I am practicing the second movement of Mozart's K 545 sonata. I notice that Alberti Bass is very tiring. More so than other 16th note rhythms. So much so that I feel the burn in my left hand because the left hand is almost all Alberti bass. I also tend to slip from Alberti bass to arpeggio in the second movement when I slow down and practice hands together and I think it has to do partly with how Alberti bass is so tiring.

But why is it so tiring that I start feeling the burn when I'm not even halfway through the movement? I mean yes, I am playing legato except for where Mozart wrote dots above the notes in which case I play staccato(quite a few right hand passages end with a staccato note in an otherwise legato phrase) but does that legato have anything to do with Alberti bass being so tiring?

Here is what I am talking about:

enter image description here

It is only up to the first repeat but it shows you what I mean by legato ending in a staccato note and the left hand being mostly Alberti bass. This particular script has an implied legato in the left hand and is what I have both in my binder with the whole sonata and in Sonata Album Book I which has this sonata among others by Mozart, Haydn and Beethoven. But I have seen other scripts write an explicit legato for the left hand.

I'm not playing any faster than I should be. If the sixteenth note got the beat, this would be at Presto. Of course, it is the quarter note that gets the beat but this second movement, to me is at least as difficult if not more so than the first movement(which has a lot of 16th notes but at a more 50/50 ratio as to whether in a given passage, the 16th notes will be in the right or left hand).

Why is the Alberti bass so tiring that I can't even get halfway through the movement without feeling the burn? And how can I make it not so tiring for my left hand?

  • 3
    You should not be feeling tired and a burning sensation while playing this passage. Sounds like you have too much tension in your left hand. You need to try using a lighter touch. Open your muscles, using the arm rather than just your finger muscles if you can. Hope it helps.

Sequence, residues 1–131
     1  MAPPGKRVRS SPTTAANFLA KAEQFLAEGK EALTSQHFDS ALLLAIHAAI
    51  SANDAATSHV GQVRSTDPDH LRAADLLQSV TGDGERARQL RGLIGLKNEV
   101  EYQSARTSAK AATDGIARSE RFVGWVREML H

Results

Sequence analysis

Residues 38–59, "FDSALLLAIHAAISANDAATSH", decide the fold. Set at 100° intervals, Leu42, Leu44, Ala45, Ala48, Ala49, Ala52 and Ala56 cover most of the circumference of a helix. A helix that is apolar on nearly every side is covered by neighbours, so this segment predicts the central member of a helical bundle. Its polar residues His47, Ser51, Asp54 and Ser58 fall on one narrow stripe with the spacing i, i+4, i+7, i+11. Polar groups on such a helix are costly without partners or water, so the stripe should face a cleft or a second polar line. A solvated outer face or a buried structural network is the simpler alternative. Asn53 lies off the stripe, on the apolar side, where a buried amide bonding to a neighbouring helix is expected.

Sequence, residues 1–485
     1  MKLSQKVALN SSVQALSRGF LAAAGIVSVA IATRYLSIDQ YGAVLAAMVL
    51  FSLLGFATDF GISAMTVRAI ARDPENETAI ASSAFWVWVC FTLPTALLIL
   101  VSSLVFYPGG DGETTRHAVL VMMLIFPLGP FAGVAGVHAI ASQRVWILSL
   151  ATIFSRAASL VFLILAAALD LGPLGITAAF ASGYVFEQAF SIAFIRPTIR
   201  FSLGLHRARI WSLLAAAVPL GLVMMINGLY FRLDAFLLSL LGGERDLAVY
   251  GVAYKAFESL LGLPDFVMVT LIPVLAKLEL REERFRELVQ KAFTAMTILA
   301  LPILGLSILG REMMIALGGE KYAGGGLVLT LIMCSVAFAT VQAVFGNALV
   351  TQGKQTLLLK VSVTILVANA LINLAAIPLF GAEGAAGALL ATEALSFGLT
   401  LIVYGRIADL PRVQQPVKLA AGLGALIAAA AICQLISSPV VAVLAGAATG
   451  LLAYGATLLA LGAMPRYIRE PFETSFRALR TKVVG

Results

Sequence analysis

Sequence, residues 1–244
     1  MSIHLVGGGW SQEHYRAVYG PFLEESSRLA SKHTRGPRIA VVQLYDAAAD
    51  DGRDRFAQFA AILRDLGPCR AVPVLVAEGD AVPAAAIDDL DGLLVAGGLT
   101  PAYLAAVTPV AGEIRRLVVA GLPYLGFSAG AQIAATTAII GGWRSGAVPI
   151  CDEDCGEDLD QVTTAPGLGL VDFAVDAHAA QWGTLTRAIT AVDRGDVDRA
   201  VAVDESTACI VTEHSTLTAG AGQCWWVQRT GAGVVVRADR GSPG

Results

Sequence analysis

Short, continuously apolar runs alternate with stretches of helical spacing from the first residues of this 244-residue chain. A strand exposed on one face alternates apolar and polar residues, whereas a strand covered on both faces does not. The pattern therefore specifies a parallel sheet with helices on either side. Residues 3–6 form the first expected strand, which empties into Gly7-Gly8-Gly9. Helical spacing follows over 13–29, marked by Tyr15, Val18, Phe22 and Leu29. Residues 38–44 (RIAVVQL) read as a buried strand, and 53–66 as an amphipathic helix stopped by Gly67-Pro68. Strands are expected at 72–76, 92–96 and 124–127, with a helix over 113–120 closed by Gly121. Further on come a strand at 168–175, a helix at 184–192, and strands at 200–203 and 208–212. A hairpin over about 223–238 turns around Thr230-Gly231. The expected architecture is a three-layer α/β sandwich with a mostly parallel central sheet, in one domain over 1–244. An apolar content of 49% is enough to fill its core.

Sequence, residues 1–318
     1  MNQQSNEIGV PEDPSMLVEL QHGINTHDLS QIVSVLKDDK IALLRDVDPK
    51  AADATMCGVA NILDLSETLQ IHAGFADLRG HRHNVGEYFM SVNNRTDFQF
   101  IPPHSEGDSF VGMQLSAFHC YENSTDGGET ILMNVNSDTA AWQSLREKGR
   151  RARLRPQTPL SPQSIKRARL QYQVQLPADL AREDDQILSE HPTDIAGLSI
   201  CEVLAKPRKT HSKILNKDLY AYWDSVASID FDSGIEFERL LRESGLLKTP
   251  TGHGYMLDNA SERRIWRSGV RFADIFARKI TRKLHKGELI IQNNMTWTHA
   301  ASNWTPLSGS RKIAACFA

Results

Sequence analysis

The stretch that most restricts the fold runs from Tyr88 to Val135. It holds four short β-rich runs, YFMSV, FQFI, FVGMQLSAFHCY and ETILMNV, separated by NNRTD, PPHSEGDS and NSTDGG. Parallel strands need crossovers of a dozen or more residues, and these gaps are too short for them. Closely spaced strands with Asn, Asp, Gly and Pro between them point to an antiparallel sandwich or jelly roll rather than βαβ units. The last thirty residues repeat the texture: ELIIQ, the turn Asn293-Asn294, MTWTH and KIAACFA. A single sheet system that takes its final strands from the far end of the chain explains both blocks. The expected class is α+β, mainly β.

– Jomiddnz
    Jul 3, 2018 at 3:27

3 Answers 3


Unless you are playing this insanely fast (it is the slow movement of the sonata!) you should be able to play a bass line like that for hours on end with no strain or tiredness at all (though you might get bored...)

As the other answer implies, you need to stop trying to play everything "with your fingers" and start using the larger muscles in your arm to take the strain. This is a good piece to start learning about forearm rotation, which is a good way to reduce tension in more difficult albert bass figures, and in other situations as well. See these tutorials.


As commented by Jomiddnz, you should be able to reduce your fatigue and strain by adjusting your technique.

Instead of thinking of pushing the keys for each individual note, think of the whole chord and hold your hand so it covers the whole shape and roll the hand to arpeggiate the notes of the chord. It may be useful to play the middle note closer to the back of the keyboard -- even if it's a little snug to fit your finger between the black keys -- so that your fingers don't have to move so much.

You should start feeling the muscular exertion higher up in the arm, just below the elbow where the real finger muscles are.

  • 1
    " just below the elbow where the real finger muscles are" - that's the right general idea, but the (small amount of) exertion should be coming from above the elbow, in the muscles that are rotating your forearm. And don't think about the thumb "hitting" anything - that wrongly suggests the thumb should be doing the work, not the forearm.
    – user19146
    Jul 3, 2018 at 11:15
  • @alephzero Good point about the thumb. I've removed that. Jul 3, 2018 at 15:06

Also check for tension in your shoulders. "Holding" the arms up reduces their movement, which then forces the movement to the fingers, increasing strain, tension and fatigue. The arms can only move properly (as described above) when the shoulders are completely relaxed. When your shoulders are completely relaxed, your arms will feel "weighty." Then "arm weight" makes sense.

Your Answer

By clicking “Post Your Answer”, you agree to our terms of service and acknowledge you have read our privacy policy.

Not the answer you're looking for? Browse other questions tagged or ask your own question.